Jack Aubrey has just recently gotten his first command aboard the Sophie, and as luck would have it, he also just met Dr. Stephen Maturin, a perfect fit for ship’s surgeon. Adventure ensues but so do some difficulties. Jack isn’t good at playing the social game that is required of officers as much as felling ships is, and it’s probably going to come back to bite him.
I’m not normally a historical novel reader. I’m one of those ugly Americans who when you ask me about history, I wouldn’t know what to tell you and would likely fail the simplest test. I had a history teacher who was a douche, whatcha gonna do? But as I get older, I do find points in history that interest me, and a time like the aptly named Age of Sail is intriguing. It fascinates me the same way the Old West in American history does, because it was unapologetically messed up and bloody and so different from what I’m familiar with. There was a different code, different rules, with polite society and gory ship battles somehow existing at the same time.
That’s where I need to get into the character of Jack. O’Brian does an immensely clever thing here. He shows just how difficult it would be for a man who embraces battle and the notion of prize money to function in polite society. Jack is a man’s man, and he has a tendency to step in it and get on the bad side of people who would advance him if they didn’t find him to be such a boar. That makes Jack sound terrible, and he isn’t. He’s hilarious, and being hilarious makes him very endearing. He’s good-hearted if not always on the ball about what’s going on around him. He is brilliant with a boat if awful with people. He has to be one of the best male characters I’ve ever read, being so thoroughly written.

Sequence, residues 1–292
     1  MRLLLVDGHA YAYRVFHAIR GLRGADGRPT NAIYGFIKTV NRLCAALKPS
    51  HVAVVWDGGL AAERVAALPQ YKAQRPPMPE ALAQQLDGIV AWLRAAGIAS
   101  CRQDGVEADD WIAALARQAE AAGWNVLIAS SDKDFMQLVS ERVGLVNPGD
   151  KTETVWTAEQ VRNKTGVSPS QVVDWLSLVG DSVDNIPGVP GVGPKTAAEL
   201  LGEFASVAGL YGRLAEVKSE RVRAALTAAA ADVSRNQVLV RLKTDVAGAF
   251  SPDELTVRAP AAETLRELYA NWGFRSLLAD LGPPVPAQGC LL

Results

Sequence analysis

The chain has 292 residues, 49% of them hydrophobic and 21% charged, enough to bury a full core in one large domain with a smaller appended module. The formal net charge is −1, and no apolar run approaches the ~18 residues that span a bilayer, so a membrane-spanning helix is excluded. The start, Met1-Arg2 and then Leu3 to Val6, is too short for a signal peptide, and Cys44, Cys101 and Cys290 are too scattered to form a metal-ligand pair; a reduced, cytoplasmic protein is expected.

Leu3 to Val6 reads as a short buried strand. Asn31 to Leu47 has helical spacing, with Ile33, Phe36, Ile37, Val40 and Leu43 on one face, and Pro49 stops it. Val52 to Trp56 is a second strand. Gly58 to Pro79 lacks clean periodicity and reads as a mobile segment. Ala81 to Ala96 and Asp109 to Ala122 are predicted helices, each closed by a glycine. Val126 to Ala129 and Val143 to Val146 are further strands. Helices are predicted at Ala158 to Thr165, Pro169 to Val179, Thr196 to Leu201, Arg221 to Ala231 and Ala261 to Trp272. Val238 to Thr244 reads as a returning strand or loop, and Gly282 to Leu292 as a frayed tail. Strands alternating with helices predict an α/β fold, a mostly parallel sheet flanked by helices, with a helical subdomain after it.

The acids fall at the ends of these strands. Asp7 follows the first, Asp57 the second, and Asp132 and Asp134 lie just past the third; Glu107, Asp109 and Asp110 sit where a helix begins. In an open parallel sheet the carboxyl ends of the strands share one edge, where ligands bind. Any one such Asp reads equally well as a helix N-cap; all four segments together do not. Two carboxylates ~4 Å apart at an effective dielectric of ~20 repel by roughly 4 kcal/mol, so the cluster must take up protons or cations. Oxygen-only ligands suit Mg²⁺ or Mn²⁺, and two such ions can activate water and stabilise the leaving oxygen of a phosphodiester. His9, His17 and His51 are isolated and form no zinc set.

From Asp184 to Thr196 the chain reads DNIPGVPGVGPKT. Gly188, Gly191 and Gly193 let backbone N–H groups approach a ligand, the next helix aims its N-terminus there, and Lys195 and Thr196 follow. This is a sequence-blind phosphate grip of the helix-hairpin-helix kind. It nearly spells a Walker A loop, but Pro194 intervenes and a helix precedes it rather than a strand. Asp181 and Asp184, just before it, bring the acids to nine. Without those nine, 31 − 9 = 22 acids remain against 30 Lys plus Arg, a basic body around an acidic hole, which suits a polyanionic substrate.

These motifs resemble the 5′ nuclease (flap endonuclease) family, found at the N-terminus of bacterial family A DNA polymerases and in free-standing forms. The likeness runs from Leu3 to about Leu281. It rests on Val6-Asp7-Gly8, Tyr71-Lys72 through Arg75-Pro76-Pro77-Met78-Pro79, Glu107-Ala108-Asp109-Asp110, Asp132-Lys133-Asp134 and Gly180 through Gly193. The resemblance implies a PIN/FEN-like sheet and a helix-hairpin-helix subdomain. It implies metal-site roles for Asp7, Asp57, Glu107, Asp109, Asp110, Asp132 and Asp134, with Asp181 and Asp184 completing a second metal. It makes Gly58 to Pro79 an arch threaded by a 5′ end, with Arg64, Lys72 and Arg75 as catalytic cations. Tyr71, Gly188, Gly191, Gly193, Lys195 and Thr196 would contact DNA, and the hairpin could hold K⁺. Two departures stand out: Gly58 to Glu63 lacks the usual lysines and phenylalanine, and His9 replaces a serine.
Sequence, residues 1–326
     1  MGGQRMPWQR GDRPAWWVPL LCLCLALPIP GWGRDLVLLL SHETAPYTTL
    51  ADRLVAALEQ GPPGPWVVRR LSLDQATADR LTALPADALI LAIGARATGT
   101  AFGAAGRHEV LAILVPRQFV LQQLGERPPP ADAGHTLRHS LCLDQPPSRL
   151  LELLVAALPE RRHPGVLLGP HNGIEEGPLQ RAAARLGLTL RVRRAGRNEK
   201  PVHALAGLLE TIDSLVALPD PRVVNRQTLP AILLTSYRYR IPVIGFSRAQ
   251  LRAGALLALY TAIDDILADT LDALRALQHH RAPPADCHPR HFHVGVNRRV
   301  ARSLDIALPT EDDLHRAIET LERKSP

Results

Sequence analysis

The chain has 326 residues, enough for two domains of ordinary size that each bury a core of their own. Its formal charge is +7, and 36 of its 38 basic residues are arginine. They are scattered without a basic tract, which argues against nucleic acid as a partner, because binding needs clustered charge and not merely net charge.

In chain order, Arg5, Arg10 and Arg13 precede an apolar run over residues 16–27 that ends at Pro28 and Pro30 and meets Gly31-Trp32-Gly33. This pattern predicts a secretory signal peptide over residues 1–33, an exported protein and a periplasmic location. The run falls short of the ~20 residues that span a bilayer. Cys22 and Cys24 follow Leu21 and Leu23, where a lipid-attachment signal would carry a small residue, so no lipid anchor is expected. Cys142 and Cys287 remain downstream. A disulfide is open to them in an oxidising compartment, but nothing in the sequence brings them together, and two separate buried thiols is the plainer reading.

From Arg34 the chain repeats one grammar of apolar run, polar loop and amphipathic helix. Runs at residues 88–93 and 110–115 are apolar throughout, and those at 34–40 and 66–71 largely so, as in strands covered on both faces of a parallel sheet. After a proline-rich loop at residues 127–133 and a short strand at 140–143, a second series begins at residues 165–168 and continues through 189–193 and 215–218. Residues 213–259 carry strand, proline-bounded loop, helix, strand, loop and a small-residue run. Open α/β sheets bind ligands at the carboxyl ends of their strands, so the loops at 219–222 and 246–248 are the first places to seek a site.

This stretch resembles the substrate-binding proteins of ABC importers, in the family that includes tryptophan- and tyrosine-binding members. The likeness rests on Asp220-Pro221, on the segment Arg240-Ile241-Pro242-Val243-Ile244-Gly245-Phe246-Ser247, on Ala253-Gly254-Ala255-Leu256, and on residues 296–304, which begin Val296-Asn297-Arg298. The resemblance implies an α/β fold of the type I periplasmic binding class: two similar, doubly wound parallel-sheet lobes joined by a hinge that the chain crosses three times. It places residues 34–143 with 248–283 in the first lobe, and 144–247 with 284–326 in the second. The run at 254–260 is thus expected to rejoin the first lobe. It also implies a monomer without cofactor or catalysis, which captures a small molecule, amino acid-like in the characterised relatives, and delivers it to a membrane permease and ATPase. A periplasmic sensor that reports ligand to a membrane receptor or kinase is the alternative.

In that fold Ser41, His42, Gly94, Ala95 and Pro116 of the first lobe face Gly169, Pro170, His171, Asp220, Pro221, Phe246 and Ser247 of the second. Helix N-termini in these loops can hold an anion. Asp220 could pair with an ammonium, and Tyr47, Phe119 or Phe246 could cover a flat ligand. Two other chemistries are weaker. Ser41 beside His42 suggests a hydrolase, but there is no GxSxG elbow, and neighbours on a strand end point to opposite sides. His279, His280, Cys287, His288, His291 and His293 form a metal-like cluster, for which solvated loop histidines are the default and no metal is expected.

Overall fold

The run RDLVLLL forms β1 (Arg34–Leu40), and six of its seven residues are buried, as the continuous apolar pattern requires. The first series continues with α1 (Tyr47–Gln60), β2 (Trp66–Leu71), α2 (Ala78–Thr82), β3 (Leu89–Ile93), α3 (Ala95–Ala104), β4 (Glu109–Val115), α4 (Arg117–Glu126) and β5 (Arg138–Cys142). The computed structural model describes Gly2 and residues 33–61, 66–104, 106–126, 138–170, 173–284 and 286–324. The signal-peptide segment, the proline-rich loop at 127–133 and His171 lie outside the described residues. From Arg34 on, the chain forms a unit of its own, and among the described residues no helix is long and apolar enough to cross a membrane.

Then we have his polar opposite, Stephen Maturin. He’s quiet and introverted, better at handling people and hopeless at understanding what it is Jack and his crew do. Jack really did luck out in finding him, because he’s a very good doctor, even to down to his intense moral ideals about helping everyone, even people with the plague, which Jack isn’t too keen on. And yet these moments when they butt heads are part of what makes the book such a fun read. They’re friends to a fault, but they’re very different men. This book is all about the characters, which is why I’ve taken such a chunk of this review to go over them, because even with sea battles and adventure, Jack and Stephen are what shine.
As much as I loved this book, I have to mark up the point against it. O’Brian really loved his nautical jargon. He loved describing ships and typical tasks for the crew and went into what I assume is very accurate detail during the fights. It was like climbing a mountain getting through these parts and keeping your eye square on the summit. I have to get over this mountain is all. Then I can enjoy the rest. It’s so dense, so technical, and it took me about 125 pages before I reached that summit and realized it wasn’t so bad after all. So I can’t recommend this unless you’re willing to go through that for these characters and their story. Or unless you have an interest in this sort of thing.
As someone who values strong characters, this was a wonderful journey. I laughed my way through this book, because it’s probably the cutest, funniest book about war you’ll ever read. It totally captured me, and I mean to read the rest of the series now, which should say something as it’s quite a commitment with 21 books in all.